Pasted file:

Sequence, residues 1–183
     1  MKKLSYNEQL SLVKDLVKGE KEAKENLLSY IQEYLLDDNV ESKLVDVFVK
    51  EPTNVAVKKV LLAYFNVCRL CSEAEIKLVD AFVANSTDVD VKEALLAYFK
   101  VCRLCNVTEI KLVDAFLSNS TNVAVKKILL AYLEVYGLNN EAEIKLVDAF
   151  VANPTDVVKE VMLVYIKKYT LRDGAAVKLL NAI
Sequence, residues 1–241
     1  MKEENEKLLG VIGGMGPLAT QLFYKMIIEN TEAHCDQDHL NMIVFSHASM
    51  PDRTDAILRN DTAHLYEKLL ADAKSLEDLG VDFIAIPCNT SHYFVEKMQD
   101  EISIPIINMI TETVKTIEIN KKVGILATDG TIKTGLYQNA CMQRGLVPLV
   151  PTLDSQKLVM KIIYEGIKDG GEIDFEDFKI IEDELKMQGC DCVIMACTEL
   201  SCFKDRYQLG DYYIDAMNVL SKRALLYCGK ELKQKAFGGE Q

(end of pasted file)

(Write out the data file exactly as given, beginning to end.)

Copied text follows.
Sequence, residues 1–183
     1  MKKLSYNEQL SLVKDLVKGE KEAKENLLSY IQEYLLDDNV ESKLVDVFVK
    51  EPTNVAVKKV LLAYFNVCRL CSEAEIKLVD AFVANSTDVD VKEALLAYFK
   101  VCRLCNVTEI KLVDAFLSNS TNVAVKKILL AYLEVYGLNN EAEIKLVDAF
   151  VANPTDVVKE VMLVYIKKYT LRDGAAVKLL NAI
Sequence, residues 1–241
     1  MKEENEKLLG VIGGMGPLAT QLFYKMIIEN TEAHCDQDHL NMIVFSHASM
    51  PDRTDAILRN DTAHLYEKLL ADAKSLEDLG VDFIAIPCNT SHYFVEKMQD
   101  EISIPIINMI TETVKTIEIN KKVGILATDG TIKTGLYQNA CMQRGLVPLV
   151  PTLDSQKLVM KIIYEGIKDG GEIDFEDFKI IEDELKMQGC DCVIMACTEL
   201  SCFKDRYQLG DYYIDAMNVL SKRALLYCGK ELKQKAFGGE Q